England & Scotland Speed Camera News
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SPEEDCAM DOUBLES SMASHES ON UK M-WAY
So naturally they’ve now put TWO more on same 1M stretch
By Nigel Nelson And David Brown (July 31 2005)
ROAD smashes doubled on a mile-long stretch of motorway AFTER a speed camera went up.
And now traffic chiefs have sparked fury by installing two MORE of the hated yellow traps in the same place.
There were only 10 accidents on the East London bend of the M11 in the three years before the first speedcam was installed in 2001.
Only five had anything to do with speed and only two people were severely injured.
But in the following three years – after a 50mph limit was introduced along with the trap – there were EIGHTEEN crashes, new figures reveal.
Eleven were linked with speed and FIVE people were severely hurt, the Transport Department disclosed.
Angry campaigners claim accidents on the stretch of road near the end of the motorway soared because drivers brake sharply when they spot the speedcam .
Motorist Pauline Caley, 42, said: “The speedcams make things more dangerous, not safer. You have to slow down really quickly from 70mph to 40mph and motorists slam on their brakes at the last moment.”
Campaigners believe the statistics are yet more proof the devices are there to raise money for the Government rather than save lives. The first camera – which snares up to 2,000 drivers a day – notches up a staggering £840,000 a week in fines. And a big slice of that goes straight to the Treasury.
Local Tory MP Lee Scott said: “If the original camera isn’t reducing speed-related accidents, why is it there?”
The Highways Agency said the new cameras enforce a 40mph limit to make it safer for work on new road lights.
No New Speed Cameras Until Report
The Department for Transport said no applications for sites would be granted until the completion of an independent review by University College London.
A spokeswoman said it was important to get things right. “We are not blocking the use of new cameras,” she said.
But road safety group Brake expressed concern that suspending decisions on camera applications “could cost lives”.
Meanwhile, road safety group Safe Speed highlighted figures it claimed showed fewer cameras meant fewer deaths.
“The government got cold feet with their dangerous speed camera programme, put on the brakes and saved some lives”
The Department for Transport spokeswoman said: “Every year, those in the camera partnership scheme submit applications to us for new camera sites.
“This year we are waiting for this independent review to be completed before approving any new sites.
Brake said the University College London (UCL) review was nothing new.
” …previous reports have shown speed cameras to reduce deaths and serious injuries by 40% where they are placed”
Road safety group
“UCL carries out a review of the effectiveness of speed cameras on an annual basis and previous reports have shown speed cameras to reduce deaths and serious injuries by 40% where they are placed.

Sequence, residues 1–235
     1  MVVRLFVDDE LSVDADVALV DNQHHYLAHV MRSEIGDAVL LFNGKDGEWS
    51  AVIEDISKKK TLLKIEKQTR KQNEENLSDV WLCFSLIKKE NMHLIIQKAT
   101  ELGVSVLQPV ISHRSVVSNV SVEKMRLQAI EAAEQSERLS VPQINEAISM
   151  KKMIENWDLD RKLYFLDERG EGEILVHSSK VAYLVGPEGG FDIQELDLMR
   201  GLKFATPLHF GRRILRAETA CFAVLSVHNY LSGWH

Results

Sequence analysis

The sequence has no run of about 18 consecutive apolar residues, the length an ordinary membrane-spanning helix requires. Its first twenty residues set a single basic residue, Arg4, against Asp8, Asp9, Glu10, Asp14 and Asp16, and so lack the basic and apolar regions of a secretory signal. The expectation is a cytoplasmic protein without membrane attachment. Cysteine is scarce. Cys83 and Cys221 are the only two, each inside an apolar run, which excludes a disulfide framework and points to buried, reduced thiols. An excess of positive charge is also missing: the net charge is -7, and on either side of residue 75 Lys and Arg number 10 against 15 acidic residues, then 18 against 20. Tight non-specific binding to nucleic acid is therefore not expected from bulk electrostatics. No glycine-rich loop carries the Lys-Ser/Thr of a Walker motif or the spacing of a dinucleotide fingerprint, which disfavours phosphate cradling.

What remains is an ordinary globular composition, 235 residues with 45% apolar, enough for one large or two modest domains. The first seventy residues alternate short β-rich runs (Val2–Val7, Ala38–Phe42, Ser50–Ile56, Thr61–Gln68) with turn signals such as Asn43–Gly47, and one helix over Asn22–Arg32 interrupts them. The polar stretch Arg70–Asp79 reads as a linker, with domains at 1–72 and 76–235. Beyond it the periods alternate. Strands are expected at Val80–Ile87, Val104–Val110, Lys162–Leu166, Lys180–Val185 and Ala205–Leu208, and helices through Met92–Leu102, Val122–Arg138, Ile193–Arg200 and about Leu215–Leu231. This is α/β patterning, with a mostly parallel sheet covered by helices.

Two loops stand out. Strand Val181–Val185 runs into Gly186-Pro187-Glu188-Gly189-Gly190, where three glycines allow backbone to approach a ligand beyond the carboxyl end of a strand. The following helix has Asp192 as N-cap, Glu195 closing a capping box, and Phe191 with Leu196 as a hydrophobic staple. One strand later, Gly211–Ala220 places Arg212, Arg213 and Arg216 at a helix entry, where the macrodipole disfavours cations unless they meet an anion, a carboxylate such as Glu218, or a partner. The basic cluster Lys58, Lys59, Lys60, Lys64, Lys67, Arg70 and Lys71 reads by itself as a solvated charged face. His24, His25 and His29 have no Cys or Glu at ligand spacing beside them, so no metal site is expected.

“There is no reason to suspect that this year’s review will conclude anything different,” it said in a statement.
The group added that it welcomed any research into speed cameras and was calling for the restrictions on their placement to be relaxed.
Meanwhile, Safe Speed said Department for Transport figures showed the growth in fixed and mobile speed camera sites grew by under 1% for 2003 to 2004, compared to 33% between 2002 and 2003.
Founder Paul Smith said that was the “true reason” road deaths fell last year.
“The government got cold feet with their dangerous speed camera programme, put on the brakes and saved some lives.
“Speed cameras are a dangerous distraction to drivers, police and local authorities alike. In almost every case there’s something else that’s more important to road safety than strict speed limit compliance.”
Speed Camera U-turn as 500 Sites Rejected
July 15, 2005
By Ben Webster, Transport Correspondent
THE Government is blocking the installation of nearly 500 new speed cameras amid signs that ministers are beginning to doubt the effectiveness of the devices.
The 38 camera partnerships, which include police forces and local authorities, have been ordered not to use cameras at any new sites. The ban includes places where there have been several fatal crashes caused by speeding vehicles.
The Association of Chief Police Officers (Acpo) condemned the ban, saying that it could cost lives because dangerous roads were being left unprotected by cameras.
The Department for Transport is reviewing the rules on deploying cameras after concerns that partnerships have failed to consider alternatives, such as improving junctions or erecting warning signs.
The review is being overseen by Stephen Ladyman, the new Road Safety Minister, who has been caught three times by speed cameras and at one stage had nine points on his licence, one offence away from a six-month ban. More than two million drivers received speed camera fines last year, a tenfold increase in less than a decade.